Chart

Today’s chart uses figures from the Fed’s 2016 Survey of Consumer Finances.

As you can see, the top 10% of American families owns 77% of the wealth in the country.

That’s seven times more than the next highest decile, which owns 11% of the nation’s wealth.

The bottom 10% (those earning less than $10,500 a year) owns less than 0% of the nation’s wealth. They are net debtors, in other words.

Chris Lowe

FEATURED READS

2017: A Year In Money
2017 is almost over, and what a year it’s been. We’ve had record-breaking stock prices, historically low volatility, and a cryptocurrency mania, too, for good measure. Here are some of the highlights from 2017.

Bitcoin Plunges
It was just the other day that Chris Lowe reported that bitcoin had momentarily hit a high of $20,000. But the popular cryptocurrency took a dive this morning. At writing, it’s trading below $12,000, a 40% fall.

This Will Change How We Think About Healthcare
According to Bill’s top tech expert, Jeff Brown, we’re on the cusp of a medical revolution. It’s all thanks to this one piece of technology that could save millions of lives… and make early investors a fortune.

MAILBAG

Now that the GOP has passed its tax reform bill, readers are wondering who precisely this is a “win” for

Congress has just put its sledgehammer to the just-recovering home-building and real estate businesses with its wonderful tax “reform.” The limitation on mortgage deductions is the culprit. Locally, the governor, a Republican, says the state will refund money lost to the federal limitation, but that is the state tax, not the local or county tax, which is usually much larger. It will just hurt the state treasury, which is already in trouble.

Meanwhile, home lenders may become more selective, and builders are going to be hesitant to continue new projects if buyers can’t afford their mortgages. Many thousands of carpenters, electricians, and plumbers will be laid off jobs which they just began. Tax receipts will tumble, both federal and state. Retailers will find fewer sales. Recession, anyone?

– Charles B.

You said, “But as for the second question, there is little doubt. With rates so low, it is not for lack of capital that U.S. businesses do not invest more in the homeland.” Clever!! Obvious, once it’s pointed out.

– Anthony M.

Your assessment of the tax bill reminds me that more income is exempted from taxation than the IRS collects. Since it’s apparent that we don’t want to pay for the services we demand from our government, would a VAT (value-added tax) be the solution? It would result in a tax being paid every time a purchase occurred whether by a citizen, visiting tourist, or illegal alien. Best of all, it would mean no need to file a 1040, or hire a CPA to prepare one.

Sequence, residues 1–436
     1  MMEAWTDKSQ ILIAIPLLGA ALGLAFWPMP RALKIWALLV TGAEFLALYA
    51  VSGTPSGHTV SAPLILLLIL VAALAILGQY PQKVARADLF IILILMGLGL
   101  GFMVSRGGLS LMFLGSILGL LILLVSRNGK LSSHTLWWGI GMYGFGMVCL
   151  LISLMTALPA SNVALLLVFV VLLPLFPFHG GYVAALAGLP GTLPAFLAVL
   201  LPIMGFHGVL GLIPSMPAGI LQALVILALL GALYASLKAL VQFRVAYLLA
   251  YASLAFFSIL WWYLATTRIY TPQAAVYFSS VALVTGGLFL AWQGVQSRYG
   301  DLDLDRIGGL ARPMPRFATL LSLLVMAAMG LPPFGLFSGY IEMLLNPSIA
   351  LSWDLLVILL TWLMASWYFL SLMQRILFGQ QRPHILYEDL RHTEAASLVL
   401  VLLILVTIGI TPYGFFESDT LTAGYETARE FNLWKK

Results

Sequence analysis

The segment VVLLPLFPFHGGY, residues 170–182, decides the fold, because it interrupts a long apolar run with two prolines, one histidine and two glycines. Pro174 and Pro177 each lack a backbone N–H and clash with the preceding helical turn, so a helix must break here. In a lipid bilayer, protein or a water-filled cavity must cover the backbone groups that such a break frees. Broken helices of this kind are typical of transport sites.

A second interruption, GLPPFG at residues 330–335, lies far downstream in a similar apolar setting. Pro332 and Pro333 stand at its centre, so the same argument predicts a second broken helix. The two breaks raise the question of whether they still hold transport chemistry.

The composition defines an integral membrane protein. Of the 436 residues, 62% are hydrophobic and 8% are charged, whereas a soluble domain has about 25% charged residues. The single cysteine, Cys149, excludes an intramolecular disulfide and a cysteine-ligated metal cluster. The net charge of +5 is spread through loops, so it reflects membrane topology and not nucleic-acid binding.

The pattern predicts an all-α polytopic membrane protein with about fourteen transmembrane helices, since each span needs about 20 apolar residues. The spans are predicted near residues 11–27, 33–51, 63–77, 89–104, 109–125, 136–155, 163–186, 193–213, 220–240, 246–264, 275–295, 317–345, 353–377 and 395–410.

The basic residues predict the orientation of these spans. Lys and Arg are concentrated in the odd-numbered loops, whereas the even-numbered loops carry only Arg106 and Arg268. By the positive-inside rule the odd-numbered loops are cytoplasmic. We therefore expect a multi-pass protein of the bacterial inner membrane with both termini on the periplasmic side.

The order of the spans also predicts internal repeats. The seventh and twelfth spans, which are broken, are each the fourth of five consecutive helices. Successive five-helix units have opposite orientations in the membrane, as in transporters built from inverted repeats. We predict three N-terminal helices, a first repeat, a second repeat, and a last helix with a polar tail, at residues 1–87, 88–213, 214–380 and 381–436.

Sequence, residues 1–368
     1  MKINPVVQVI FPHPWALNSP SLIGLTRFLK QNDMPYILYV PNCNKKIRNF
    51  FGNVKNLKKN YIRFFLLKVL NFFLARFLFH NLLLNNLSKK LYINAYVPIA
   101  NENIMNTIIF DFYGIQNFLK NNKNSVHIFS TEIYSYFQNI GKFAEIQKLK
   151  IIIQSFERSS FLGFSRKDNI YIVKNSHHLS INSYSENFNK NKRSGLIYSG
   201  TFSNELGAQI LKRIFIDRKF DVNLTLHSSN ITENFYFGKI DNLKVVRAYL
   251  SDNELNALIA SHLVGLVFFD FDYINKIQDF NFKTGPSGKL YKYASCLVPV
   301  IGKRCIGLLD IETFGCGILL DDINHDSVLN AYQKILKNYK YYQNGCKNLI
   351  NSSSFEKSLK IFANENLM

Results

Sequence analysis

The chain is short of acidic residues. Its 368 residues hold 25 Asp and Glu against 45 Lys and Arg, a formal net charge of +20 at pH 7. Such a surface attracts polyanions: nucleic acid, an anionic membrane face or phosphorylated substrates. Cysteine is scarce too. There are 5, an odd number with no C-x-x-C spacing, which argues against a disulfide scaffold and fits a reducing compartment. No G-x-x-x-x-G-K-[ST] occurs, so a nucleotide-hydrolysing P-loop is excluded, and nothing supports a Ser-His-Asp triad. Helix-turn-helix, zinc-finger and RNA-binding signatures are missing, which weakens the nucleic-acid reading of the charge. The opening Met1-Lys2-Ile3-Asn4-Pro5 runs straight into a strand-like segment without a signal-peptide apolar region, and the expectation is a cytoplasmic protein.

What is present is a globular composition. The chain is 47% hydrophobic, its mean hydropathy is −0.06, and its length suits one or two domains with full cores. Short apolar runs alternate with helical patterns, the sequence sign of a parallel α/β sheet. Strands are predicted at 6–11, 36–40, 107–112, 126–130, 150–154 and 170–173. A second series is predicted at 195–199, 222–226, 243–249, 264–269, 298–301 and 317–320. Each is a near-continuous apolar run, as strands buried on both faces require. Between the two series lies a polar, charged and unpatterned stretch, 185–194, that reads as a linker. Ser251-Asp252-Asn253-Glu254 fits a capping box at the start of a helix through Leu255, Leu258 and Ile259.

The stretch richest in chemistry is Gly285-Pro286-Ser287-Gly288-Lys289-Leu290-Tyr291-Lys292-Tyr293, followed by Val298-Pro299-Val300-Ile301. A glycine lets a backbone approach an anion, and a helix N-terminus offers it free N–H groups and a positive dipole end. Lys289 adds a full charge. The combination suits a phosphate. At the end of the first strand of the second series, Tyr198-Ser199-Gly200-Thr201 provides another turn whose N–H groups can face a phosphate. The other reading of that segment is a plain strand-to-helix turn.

– Jim R.

You talk about businesses paying 14% less to the government, but then wonder who is going to pay 14% more. Consider that the combined effects of 14% less business tax, repatriation of offshore corporate stashes, and other collateral benefits will more than pay for the tax cut. It is not necessarily a zero sum equation.

– Robert E.

Meanwhile, readers continue to ponder Bill’s eight axioms for understanding the fake economy

I enjoy your writing. It is witty, entertaining, often educational, and thought provoking. But your eight-point axioms seem to contain contradictions. In point eight, you lament that the Fed is reversing its policy when you should welcome the reining in of the “fake money” that you deem to be at the root of all problems (point two). What is “real” money? You name gold and bitcoin. How do you use it to find true value?

Things measured in bitcoin, for instance, would see massive price declines as bitcoin keeps up its pace of appreciating. And what if it collapses? Real money? I find it hard to follow your flow of funny-money creation. My understanding is that the government issues bills and notes to cover deficit spending. The Fed essentially buys them for newly printed cash, then sells them to big banks for cash. Are you saying that the Fed then turns around and buys the bonds back again?

How exactly does that keep the Fed’s supply of cash flowing? That one could use a bit more clarity, wouldn’t you agree?

– Erich K.

I personally have very little money. Unlike you, I have not been lucky. I have no investments. I rent someone else’s house. I am working at age 70 because we did not (could not) prepare for retirement and raise six children in a failing economy. I dole out a third of my income for healthcare insurance that doesn’t care and doesn’t keep me healthy, and even more if I happen to actually need medical care.

I have read your Diary with much interest for some time now. But what, exactly, can I do about this information? I did not know about it when I was younger, but have a much better appreciation for it now. I am in great fear for my children and grandchildren who have inherited this fake economy, and have no clue what to do about it, either.

But I am in no position to change anything – including my own fortunes (or lack thereof). Voting for a different politician changes nothing. Speculating in cryptocurrencies or anything else is outside the possibilities for someone who lives paycheck to paycheck. Similarly, true investing is also outside those possibilities. Where does the breakdown of the financial system of our country, or the world, leave those of us who work hard and have done so their entire life to support this country/economy?

How can we protect our home (if we even own one), our ability to earn a living, or our ability to feed, shelter, clothe, and transport ourselves and our families when the economy tanks?

– Linda H.